But she must have an outlet for the burning desire to write songs and make music that has driven her since her difficult schooldays, when she was bullied for being so skinny.

The agonies of her childhood go some way to explaining Kate's almost neurotic hatred of public scrutiny.

A doctor's daughter who grew up in Welling, Kent, she recalls: "My father has told me I used to dance to music on the telly.

"I was completely unselfconscious and I wasn't aware of people looking at me.

"One day some people came into the room, saw me and laughed - and from that moment on I stopped doing it.

"I think I've been trying to get back there ever since."

An intense youngster who spent hours playing an old organ kept in a barn on her family's farmhouse estate, Kate does not cherish fond memories of the classroom.

At St Joseph's convent grammar school she discovered what she suspects of herself to this day: that she simply didn't fit in.

As an oddball pupil, she withdrew into painful shyness, which still haunts her in middle age.

"School was a very cruel environment and I was a loner," she says.

"But I learnt to get hurt and I learnt to cope with it.

"My friends sometimes used to ignore me completely and that would upset me badly.

"I wasn't an easy, happy-go-lucky girl because I used to think about everything so much - and I think I probably still do.

"I was writing songs from the age of 10 and I was never really into going to discos and dances and stuff. I never told anyone at school that I did that, because I feared it would alienate me even more."

But the timid teenager's penchant for songwriting did not alienate a family friend, Ricky Hopper.

Ricky, a music business mover and shaker, was impressed by her talent and arranged for her to record a demo tape.

Hopper played it to his friend Dave Gilmour of Pink Floyd, who stumped up more money for a comprehensive tape and provided an introduction to the power-brokers at EMI.

Kate was just 16 when she signed a £3,500 contract with the label and played her first concerts in South London pubs with her three-piece KT Bush Band.

But the transition from schoolkid to grown-up performer was difficult for one so young.

EMI executive Bob Mercer says: "On meeting her I realised how young she was mentally. We gave her some money to grow up with.

"EMI was like another family to her. She was the company's daughter for a few years."

Inspired by the plot of an Emily Bronte novel she had never actually read, Wuthering Heights showcased Kate's original singing voice and her genius for the unusual.

It was a sensation.

As her album The Kick Inside also raced up the charts, the overnight star embarked on her first major concert tour - a gruelling odyssey across Europe.

Lost in a whirl of TV appearances, promotional interviews and the champagne lifestyle expected of fast-rising celebrities, Kate realised to her horror that she was despising every moment.

That first tour was also her last.

Then, still only 21, she shocked the rock world by simply turning her back on fame.

Embittered by the pressure of it all and the distractions from making music, she blamed the record company which had once been her surrogate family.

"They took me away from everything familiar and I figured out then that music was a priority, not publicity, and that completely changed my life," she says.

"I stopped doing all the things that were expected."

More than a quarter of a century on, Kate is still defiantly sticking to her guns.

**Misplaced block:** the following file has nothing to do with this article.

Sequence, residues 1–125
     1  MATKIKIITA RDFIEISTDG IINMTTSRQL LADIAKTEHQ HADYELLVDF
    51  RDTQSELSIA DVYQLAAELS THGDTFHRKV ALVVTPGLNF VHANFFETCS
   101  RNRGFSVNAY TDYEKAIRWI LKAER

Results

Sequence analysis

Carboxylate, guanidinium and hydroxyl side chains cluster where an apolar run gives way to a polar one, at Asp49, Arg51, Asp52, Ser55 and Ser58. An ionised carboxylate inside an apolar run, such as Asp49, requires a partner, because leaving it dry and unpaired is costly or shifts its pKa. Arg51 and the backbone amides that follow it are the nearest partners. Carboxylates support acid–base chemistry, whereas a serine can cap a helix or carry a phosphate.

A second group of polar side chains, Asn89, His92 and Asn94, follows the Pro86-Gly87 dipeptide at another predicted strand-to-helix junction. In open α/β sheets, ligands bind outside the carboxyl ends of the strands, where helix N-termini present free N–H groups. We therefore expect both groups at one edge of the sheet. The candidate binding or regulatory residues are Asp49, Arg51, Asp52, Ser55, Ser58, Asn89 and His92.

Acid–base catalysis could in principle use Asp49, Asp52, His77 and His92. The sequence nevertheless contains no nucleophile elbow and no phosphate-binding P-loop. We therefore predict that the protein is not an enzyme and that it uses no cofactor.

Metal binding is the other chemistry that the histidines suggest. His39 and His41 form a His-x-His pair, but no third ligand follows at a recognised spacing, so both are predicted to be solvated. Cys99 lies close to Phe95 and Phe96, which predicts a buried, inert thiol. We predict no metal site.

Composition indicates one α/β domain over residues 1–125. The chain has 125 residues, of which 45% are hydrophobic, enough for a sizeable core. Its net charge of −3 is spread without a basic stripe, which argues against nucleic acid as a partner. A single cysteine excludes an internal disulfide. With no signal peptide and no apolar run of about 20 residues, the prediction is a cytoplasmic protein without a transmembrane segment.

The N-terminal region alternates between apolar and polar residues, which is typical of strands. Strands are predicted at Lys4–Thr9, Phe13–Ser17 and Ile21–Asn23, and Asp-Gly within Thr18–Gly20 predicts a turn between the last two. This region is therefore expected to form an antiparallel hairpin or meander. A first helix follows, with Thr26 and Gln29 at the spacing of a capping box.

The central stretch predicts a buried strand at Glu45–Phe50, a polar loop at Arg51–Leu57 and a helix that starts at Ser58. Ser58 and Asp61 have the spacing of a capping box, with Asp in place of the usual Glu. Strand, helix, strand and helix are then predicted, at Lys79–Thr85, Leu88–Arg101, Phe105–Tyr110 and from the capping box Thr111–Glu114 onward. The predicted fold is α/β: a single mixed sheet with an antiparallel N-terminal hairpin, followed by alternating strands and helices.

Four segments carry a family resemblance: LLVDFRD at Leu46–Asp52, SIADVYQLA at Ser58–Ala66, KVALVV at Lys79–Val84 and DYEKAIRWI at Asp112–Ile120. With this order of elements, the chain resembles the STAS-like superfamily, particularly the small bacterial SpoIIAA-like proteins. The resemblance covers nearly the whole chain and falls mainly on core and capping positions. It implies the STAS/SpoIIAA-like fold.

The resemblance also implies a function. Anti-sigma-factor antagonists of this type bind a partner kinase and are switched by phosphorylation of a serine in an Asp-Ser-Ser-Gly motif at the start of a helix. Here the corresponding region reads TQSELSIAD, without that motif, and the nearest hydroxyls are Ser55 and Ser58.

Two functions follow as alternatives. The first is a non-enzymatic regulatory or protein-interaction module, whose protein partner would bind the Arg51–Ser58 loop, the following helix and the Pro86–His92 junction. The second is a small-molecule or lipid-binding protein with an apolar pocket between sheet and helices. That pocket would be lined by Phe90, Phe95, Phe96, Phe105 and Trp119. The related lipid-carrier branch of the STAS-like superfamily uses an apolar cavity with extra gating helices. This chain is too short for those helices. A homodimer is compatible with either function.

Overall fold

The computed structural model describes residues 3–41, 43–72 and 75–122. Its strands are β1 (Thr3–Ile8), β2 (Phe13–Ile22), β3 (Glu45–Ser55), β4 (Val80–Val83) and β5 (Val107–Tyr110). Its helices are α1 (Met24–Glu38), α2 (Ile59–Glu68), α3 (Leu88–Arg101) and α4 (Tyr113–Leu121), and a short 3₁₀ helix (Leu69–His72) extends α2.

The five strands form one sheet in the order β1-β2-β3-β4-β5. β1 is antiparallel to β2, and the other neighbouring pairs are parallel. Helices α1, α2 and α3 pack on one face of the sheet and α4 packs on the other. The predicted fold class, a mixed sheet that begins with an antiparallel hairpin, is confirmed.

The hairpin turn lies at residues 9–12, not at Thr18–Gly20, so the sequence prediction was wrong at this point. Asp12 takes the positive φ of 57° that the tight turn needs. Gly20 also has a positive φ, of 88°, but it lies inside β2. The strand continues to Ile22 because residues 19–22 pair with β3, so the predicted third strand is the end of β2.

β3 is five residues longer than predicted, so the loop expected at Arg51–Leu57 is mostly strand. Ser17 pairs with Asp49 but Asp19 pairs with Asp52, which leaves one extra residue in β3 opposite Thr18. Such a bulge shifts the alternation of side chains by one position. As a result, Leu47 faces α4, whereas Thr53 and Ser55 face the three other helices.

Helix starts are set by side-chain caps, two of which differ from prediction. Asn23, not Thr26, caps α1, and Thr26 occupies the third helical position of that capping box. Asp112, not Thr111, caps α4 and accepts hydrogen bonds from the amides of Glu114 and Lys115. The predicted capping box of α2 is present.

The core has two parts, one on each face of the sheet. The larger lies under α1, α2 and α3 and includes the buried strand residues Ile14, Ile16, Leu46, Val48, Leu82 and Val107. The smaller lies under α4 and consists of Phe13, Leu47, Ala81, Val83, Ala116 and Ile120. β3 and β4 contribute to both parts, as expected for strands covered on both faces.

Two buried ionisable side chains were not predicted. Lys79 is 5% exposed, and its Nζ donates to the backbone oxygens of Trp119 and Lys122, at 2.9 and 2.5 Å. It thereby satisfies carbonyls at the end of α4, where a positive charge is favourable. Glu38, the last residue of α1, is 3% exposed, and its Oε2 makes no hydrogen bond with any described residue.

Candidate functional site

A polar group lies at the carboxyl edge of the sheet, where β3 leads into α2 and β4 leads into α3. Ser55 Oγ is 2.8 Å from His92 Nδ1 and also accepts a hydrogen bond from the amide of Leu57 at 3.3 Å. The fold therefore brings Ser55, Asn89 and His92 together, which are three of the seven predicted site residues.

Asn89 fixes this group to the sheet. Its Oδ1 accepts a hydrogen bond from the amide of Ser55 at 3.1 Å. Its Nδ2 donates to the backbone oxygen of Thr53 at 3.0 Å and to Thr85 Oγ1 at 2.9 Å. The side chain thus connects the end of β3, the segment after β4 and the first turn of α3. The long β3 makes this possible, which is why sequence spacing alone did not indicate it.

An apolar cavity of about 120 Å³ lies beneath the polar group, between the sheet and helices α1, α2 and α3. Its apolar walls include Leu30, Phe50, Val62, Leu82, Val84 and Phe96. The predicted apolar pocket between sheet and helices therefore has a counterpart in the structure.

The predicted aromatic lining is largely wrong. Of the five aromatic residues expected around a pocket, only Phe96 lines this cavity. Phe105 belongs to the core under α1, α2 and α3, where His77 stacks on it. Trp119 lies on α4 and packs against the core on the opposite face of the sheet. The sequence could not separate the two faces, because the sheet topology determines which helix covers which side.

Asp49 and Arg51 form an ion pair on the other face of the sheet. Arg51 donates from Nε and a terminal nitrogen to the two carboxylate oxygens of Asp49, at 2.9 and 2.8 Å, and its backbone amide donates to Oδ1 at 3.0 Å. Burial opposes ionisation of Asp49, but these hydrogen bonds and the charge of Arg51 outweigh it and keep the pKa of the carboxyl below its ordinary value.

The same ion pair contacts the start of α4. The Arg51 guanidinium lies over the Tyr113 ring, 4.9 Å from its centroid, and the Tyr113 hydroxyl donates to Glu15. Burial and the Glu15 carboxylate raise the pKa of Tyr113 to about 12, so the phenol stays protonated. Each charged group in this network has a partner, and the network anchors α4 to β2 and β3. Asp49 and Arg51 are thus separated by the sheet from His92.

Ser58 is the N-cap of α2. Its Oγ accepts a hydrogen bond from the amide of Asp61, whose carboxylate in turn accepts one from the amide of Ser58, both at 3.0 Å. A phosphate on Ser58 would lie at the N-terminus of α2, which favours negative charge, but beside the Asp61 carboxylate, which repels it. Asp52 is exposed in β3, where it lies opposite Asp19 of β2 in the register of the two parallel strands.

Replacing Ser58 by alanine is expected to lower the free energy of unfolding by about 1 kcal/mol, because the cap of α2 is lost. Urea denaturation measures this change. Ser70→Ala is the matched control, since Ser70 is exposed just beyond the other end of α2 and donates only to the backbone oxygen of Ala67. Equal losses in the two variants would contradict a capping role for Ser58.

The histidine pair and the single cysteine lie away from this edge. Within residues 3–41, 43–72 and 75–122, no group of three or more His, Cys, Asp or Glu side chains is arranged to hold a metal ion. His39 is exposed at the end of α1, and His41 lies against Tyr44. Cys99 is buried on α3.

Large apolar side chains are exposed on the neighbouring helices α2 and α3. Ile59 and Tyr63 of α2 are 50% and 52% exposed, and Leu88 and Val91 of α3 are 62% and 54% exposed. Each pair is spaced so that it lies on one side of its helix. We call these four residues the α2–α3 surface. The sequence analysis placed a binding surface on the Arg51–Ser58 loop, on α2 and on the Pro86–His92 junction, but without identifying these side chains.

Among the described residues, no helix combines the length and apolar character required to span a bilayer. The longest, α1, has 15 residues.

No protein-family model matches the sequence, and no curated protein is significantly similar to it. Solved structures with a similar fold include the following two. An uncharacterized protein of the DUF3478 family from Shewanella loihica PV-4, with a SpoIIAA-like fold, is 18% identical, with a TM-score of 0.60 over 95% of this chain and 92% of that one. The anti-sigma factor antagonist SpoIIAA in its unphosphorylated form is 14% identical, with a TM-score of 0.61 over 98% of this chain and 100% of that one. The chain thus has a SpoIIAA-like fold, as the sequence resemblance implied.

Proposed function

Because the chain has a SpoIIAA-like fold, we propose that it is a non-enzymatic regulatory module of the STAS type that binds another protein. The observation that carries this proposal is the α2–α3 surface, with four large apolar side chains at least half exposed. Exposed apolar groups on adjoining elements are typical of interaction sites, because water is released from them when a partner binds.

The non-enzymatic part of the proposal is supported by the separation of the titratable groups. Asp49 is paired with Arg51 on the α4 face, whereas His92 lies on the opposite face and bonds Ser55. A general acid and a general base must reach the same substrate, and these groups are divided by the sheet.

Even though a new generation of EMI bosses confidently predict that the new album - which few of them have been allowed to hear - will be an enormous hit, they're not expecting the singer to help boost sales with a round of publicity interviews.

Indeed, many suspect that the slow process of getting the Aerial CD on to the shelves is in part due to Kate's fear of an inevitable return to centre-stage stardom.

A friend says: "In her ideal world Kate would simply release the record, people would enjoy the music and never think about her at all.

"But she knows life is not like that. She utterly loathes the showbiz aspect, and to say she's not looking forward to it is the understatement of the century.

"But Kate still has a compulsion to make music. In some ways, she wishes she didn't."

The unworldly quality which shone through during her famous Wuthering Heights performances on Top Of The Pops gave the singer an ethereal image, and she is adored by New-Age hippies.

D EVOTEES still faithfully gather to celebrate what they call "Katemas" - their version of Christmas which they mark every year on their idol's birthday.

The festival is held all over the world, from the mystical Glastonbury Tor to the Australian Outback.

To the deeply embarrassed Ms Bush, such fanaticism is celebrity gone mad.

But she is not immune to the allure of very famous people herself.

Her most recent public appearance, in March, was distinguished by a toe-curling incident involving the Queen.

At the urging of guitarist Eric Clapton, who made a guest appearance on her last album The Red Shoes, Kate attended a star-studded reception at Buckingham Palace to honour the British music industry.

Sandie Shaw - who stood next to her when they met Her Majesty - witnessed a major breach of etiquette from a woman clearly unused to social interaction, especially with royals.

The 60s singer recalls: "Kate was rummaging in her handbag. Suddenly she produced a pen and some paper and said to the Queen: 'Would you mind signing this for my son?'

"The Queen looked lost for words. I mumbled: 'I think that's a pop-star thing, Kate.' And the Queen seemed pleased to be let off the hook.

"'Quite right,' she answered as an equerry quickly hustled her away."

The anecdote speaks volumes about a woman who critics say really should get out a bit more.

But if she wasn't shy, reclusive, eternally intriguing and - frankly - rather strange, she wouldn't be Kate Bush. And the world would be a poorer place.